BUTTIGIEG: It's important to me. And I think it's also important that we stop seeing religion used as a kind of cudgel, as if — as if god belonged to a political party. And if he did, I can't imagine it would be the one that sent the current president into the White House.
So: Religion doesn't belong to only one party, but, if it did, it would be mine! Honestly, as an atheist, this is the sort of religious rhetoric I absolutely loathe hearing from politicians.

Later in the interview (starting at 3:56), Buttigieg says something I like: "There's going to be a temptation to kind of play [Trump's] game. If you're playing his game, you're losing. Nobody's going to play his game better than he does. And so we've got to do something completely different."

I agree! And have said that same thing many times myself, including just last Thursday!

Which is why I find it so annoying that Buttigieg either doesn't realize he's playing Trump's game, or is pretending that he isn't, when he does this "my god is bigger than your god" stuff. Trump has the immoral market cornered; doing "something completely different" from Trump's game isn't to try to corner the market on moral — it's to set subjective arguments about morality aside altogether and talk instead about justice.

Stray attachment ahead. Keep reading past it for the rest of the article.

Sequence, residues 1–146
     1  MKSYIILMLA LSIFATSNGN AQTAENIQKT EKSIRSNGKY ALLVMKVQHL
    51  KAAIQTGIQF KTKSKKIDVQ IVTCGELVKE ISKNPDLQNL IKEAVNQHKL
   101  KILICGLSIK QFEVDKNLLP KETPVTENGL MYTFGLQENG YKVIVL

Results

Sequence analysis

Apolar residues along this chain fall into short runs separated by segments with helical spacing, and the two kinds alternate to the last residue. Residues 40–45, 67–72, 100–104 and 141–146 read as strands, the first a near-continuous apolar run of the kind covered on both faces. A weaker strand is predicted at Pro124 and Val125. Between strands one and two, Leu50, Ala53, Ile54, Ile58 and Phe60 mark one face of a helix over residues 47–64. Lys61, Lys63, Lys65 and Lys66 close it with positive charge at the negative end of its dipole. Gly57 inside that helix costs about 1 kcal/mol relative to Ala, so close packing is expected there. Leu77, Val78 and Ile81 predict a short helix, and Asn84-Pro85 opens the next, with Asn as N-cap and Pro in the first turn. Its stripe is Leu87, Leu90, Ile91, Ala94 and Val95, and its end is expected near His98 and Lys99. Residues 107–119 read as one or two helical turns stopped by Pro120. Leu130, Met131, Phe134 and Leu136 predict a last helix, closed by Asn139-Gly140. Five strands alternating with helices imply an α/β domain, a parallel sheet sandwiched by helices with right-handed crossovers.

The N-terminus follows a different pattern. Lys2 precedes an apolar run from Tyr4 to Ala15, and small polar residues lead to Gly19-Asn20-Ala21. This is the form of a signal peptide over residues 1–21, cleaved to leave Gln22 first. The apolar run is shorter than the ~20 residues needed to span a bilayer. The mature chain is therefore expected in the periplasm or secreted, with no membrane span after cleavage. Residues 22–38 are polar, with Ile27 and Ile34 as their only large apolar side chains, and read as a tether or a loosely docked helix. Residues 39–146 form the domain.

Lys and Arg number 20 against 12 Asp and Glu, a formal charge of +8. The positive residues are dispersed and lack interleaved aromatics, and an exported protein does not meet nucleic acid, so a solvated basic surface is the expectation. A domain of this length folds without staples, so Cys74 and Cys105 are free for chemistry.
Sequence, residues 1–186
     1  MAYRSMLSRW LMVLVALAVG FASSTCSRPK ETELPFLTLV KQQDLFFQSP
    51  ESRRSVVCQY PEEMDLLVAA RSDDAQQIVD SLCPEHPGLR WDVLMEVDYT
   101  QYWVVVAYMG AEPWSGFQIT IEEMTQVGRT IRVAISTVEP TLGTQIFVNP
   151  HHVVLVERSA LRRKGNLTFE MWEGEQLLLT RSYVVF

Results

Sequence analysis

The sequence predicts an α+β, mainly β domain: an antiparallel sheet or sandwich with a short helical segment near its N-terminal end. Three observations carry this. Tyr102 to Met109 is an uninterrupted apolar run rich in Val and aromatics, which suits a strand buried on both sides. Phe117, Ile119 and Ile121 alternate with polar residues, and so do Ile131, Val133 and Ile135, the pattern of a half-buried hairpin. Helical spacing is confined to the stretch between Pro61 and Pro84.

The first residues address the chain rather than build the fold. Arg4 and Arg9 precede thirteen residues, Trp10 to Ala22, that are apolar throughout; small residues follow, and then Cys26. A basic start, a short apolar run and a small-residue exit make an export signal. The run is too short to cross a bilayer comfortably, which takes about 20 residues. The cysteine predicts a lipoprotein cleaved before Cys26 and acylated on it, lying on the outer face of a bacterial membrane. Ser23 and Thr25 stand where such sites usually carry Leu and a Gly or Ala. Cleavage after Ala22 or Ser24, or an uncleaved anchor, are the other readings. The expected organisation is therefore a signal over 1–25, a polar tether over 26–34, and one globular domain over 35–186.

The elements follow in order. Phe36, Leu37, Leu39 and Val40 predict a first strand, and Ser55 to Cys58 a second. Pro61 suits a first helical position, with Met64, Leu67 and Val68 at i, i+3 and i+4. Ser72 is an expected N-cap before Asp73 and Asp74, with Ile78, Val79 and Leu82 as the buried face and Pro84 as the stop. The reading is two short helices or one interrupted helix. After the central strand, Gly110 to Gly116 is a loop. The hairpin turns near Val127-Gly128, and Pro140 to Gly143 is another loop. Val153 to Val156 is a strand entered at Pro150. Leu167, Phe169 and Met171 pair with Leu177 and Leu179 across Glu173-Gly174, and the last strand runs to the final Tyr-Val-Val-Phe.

And while religion may be a personal motivating factor in one's ideas about justice, it doesn't have any place in public conversations about it.

I can't stress this enough to Buttigieg: Religion is a losing game for progressives.

Like I've said before: Hillary Clinton was probably the most authentic devout Christian to run for president as a Democrat in my lifetime, and they decided she ran a pedophile ring out of the basement of a pizza shop that doesn't have a basement.

Stop trying to win an unwinnable game, Mayor Pete. It's actively unhelpful. I beg you to stop.

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I really don't understand the energy of Andrew Yang's campaign: At a campaign rally in Seattle, Yang promised "to become the first president to use PowerPoint in the State of the Union address" and the crowd started chanting "PowerPoint! PowerPoint! PowerPoint!" and then Yang exclaimed, "Yes, this is the nerdiest presidential campaign in history!" Uh, excuse me, but I think Al Gore would have something to say about that, sir! GOOD DAY.

Rep. Eric Swalwell is running a true garbage campaign, if the best argument for impeachment he's got is to compare Trump to a child who needs a toy taken away. YIKES, man.

John Hickenlooper is still definitely running for president.

Talk about these things! Or don't. Whatever makes you happy. Life is short.